Shifting gears back to a solution, you'll see that I didn't provide just a script for the solution because the next thing out of people's mouths is "How do I turn this into a stored procedure that takes parameters"? The reason why I've not turned it into a stored procedure is because the next thing out of people's mouths is "How do I use the output of the stored procedure in another part of my query"?

So here's a Multistatement Table Valued Function ("mTVF" for short) that works just like a stored procedure but you can include it in the FROM clause of another query. Rather that run you through everything that this function does, please feel free to read the embedded comments and explore the code on your own. In particular, notice how I've replaced the functionality of a Calendar table in the code.

Here's the function. After a visual safety check, please run the code in your test database to deploy the function for your testing. I did make the assumption that people who want a running average of months also want to see the original monthly total and a cumulative running total, as well. If you don't need those in your output, simple don't select those columns from the function.

 CREATE FUNCTION dbo.MovingAvgReport
 Given the number of months to consider for a "leading" rolling average, the starting month, and the start of the 
 first month NOT to be included, return a report of total MonthSales, a running total of sales (CumeSales) and the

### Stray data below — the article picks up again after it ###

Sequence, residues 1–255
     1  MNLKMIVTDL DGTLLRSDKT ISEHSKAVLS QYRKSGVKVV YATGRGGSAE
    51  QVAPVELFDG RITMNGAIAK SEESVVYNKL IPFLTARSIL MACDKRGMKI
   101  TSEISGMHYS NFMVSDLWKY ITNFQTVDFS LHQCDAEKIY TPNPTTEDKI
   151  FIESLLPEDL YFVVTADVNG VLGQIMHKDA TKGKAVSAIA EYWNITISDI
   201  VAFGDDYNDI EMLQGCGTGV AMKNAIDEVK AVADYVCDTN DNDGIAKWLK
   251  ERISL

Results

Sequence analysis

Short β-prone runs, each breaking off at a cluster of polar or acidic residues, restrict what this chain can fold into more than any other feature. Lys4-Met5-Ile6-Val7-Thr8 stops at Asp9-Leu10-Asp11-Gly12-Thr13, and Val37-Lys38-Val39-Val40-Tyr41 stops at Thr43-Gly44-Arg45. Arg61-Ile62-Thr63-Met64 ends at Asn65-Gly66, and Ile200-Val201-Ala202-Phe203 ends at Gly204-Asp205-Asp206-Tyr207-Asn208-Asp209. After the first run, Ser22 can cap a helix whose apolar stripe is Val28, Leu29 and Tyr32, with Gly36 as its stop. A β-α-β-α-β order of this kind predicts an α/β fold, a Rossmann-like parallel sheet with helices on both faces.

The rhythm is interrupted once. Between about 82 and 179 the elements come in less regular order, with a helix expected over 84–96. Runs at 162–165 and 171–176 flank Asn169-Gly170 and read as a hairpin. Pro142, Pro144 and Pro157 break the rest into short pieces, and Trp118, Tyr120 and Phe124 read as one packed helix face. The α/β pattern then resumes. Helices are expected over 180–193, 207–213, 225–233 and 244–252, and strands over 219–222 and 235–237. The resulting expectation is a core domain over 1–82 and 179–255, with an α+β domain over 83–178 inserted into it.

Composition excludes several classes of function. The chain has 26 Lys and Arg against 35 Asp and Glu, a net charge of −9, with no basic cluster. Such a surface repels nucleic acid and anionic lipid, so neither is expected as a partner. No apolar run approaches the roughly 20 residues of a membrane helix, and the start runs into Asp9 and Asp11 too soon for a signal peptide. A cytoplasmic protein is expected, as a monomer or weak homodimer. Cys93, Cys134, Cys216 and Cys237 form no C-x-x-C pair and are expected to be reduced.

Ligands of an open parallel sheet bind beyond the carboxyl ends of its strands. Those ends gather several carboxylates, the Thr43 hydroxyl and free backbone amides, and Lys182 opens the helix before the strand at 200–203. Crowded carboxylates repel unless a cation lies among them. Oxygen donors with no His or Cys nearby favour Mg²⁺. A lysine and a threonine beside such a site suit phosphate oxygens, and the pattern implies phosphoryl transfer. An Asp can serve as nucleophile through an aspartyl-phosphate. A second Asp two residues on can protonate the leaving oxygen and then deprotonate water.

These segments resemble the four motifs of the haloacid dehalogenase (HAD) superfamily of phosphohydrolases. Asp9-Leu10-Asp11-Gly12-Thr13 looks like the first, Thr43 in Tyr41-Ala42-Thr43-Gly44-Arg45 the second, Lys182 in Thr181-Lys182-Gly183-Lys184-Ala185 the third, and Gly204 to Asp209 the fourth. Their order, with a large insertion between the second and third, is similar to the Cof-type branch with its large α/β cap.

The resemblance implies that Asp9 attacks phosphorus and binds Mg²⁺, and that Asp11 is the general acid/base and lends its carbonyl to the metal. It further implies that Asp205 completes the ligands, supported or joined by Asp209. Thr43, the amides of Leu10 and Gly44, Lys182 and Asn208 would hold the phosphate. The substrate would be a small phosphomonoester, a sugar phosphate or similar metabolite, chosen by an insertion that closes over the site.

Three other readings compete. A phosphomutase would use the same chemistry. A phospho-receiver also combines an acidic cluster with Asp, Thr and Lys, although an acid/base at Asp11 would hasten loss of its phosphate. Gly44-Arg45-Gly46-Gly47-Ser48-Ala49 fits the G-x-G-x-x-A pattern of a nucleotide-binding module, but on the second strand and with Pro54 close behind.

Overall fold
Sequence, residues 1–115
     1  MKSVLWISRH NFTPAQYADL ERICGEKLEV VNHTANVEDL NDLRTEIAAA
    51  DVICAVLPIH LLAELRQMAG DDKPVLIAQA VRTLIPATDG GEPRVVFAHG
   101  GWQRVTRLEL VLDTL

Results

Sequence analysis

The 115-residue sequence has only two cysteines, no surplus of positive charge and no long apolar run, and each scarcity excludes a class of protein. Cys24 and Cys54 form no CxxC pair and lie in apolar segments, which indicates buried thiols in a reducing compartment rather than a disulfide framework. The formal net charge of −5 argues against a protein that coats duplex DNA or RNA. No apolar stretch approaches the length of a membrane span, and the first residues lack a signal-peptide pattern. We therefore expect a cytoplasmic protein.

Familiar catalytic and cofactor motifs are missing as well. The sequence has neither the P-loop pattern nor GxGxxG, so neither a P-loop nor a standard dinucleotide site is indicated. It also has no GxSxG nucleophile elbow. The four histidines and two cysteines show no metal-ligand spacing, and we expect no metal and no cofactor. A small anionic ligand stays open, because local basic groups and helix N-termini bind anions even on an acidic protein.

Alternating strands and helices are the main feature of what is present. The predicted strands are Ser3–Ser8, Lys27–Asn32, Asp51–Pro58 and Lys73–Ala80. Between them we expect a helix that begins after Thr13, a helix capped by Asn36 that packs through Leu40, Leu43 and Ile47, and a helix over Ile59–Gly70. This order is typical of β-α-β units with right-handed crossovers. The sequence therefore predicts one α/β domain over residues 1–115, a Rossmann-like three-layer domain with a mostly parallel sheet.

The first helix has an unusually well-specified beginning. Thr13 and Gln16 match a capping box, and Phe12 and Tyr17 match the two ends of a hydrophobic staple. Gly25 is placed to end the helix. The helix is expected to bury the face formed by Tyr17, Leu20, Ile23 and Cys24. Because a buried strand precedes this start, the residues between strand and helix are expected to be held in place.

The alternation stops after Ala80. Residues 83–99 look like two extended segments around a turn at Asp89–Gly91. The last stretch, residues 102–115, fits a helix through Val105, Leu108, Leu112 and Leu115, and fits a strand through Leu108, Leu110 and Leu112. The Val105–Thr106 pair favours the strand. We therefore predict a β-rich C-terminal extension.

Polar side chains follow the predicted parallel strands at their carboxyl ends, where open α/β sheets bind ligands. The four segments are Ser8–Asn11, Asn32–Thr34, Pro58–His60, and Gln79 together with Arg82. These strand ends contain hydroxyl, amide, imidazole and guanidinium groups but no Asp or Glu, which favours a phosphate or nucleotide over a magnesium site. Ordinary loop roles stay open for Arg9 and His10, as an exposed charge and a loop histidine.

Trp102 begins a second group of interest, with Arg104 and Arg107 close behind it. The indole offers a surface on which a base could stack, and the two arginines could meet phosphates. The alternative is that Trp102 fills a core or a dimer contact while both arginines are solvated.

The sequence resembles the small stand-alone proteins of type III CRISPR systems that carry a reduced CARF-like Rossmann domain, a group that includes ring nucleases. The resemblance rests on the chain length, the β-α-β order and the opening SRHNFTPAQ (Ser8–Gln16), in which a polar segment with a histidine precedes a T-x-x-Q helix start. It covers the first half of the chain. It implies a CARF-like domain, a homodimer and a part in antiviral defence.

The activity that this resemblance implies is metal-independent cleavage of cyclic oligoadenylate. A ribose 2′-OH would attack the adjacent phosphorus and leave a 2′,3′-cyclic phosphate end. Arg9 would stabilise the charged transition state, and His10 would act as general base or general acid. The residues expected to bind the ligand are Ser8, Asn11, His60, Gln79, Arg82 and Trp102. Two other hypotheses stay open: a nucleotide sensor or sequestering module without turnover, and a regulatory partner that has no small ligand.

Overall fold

rolling leading average.  Only the months identified by the start and end dates (not including the month of the end
 date) will be returned so, by themselves, the first couple of months may not look correct but actually are.  The data
 that was used to calculate the rolling average just isn't visible in the output.

 Example Usage:
 SELECT [YYYY-MMM],MonthSales,CumeSales,AvgSales
   FROM dbo.MovingAvgReport(3,'2014-01-01','2015-01-01')
  ORDER BY MonthNumber
 Programmer's Notes:
 1. Note that the CROSS APPLYs in the code below use 
Revision History:
Rev 00 - 19 Aug 2017 - Jeff Moden
       - Demo for the following forum post;
       - Also reference the following forum post, which is the basis of the OP's question.
--===== These are the obviously named parameters for the function.
         @pAvgMonths    INT  --Number of months for the moving average.
        ,@pStartMonth   DATE --Inclusive
        ,@pEndMonth     DATE --Exclusive or first month you don't want to include
         MonthNumber    INT
        ,[YYYY-MMM]     CHAR(8)   
        ,MonthSales     DECIMAL(9,2)
        ,CumeSales      DECIMAL(38,2)    
        ,AvgSales       DECIMAL(9,2)
--===== Because we're working in a function, we can't use Temp Tables so we need
     -- to use a Table Variable. It's ok for this because the row counts will be low.
         MonthNumber    INT     NOT NULL
        ,MonthDate      DATE    NOT NULL
        ,MonthSales     DECIMAL(38,2)
--===== Preaggregate our data and remember it so that we don't have to recalculate it
     -- many times like you would with multiple calls to a CTE.
   WITH ctePreAgg AS
(--===== Pre-aggregate the data we want to work with
 SELECT  OrderMonth     = DATEADD(mm,DATEDIFF(mm,0,[ORDER DATE]),0)
        ,MonthSales     = SUM(Sales)
   FROM dbo.LBPractice1
  WHERE [ORDER DATE]   >= DATEADD(mm,(-@pAvgMonths+1),@pStartMonth)
    AND [ORDER DATE]    < @pEndMonth
        cteCalendar AS
(--==== Create the necessary dates that will help us return a zero value for any missing months
 SELECT  MonthNumber    = t.N-(@pAvgMonths-2)
        ,MonthDate      = CONVERT(DATE,DATEADD(mm,t.N,DATEADD(mm,(-@pAvgMonths+1),@pStartMonth)))
   FROM dbo.fnTally(0,DATEDIFF(mm,DATEADD(mm,(-@pAvgMonths+1),@pStartMonth),@pEndMonth)-1) t 
 --==== Populate the pre-aggregation table with the minimum amount of data we need, which are whole months and sums.
        (MonthNumber,MonthDate, MonthSales)